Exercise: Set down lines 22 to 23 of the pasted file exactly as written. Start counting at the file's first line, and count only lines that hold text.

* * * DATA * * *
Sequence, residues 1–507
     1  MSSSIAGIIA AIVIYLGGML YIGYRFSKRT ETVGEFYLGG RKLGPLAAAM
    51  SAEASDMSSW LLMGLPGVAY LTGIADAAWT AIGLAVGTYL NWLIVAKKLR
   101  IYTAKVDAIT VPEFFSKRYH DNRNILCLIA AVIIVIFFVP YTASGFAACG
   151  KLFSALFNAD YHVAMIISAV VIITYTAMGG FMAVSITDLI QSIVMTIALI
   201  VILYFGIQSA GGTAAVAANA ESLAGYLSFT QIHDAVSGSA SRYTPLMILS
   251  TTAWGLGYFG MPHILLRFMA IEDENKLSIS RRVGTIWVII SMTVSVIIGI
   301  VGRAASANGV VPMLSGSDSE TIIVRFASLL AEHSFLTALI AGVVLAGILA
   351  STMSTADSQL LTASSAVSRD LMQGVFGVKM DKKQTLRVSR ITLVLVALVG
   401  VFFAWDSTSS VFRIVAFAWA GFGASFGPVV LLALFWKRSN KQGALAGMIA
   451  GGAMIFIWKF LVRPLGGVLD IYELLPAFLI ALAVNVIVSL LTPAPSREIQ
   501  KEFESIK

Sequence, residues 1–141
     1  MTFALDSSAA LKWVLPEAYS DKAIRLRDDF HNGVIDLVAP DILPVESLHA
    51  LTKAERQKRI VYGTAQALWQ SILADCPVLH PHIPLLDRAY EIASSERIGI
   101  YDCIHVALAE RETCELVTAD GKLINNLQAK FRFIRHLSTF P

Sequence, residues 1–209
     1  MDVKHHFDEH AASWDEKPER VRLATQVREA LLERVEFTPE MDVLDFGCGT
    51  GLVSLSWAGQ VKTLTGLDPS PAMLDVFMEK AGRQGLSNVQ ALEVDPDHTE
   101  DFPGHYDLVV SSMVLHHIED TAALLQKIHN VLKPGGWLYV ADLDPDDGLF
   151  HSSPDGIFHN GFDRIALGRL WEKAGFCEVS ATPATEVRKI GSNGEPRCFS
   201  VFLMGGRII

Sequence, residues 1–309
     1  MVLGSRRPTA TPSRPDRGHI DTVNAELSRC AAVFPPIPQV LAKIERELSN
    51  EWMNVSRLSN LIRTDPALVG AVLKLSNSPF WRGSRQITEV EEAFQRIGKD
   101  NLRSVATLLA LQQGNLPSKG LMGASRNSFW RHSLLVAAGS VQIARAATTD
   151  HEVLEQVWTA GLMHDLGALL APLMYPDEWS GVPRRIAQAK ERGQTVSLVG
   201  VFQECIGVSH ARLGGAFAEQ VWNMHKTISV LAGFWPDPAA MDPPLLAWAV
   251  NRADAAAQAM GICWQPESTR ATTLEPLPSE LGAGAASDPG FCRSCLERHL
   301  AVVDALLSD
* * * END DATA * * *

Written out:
   201  VFLMGGRII

Sequence, residues 1–309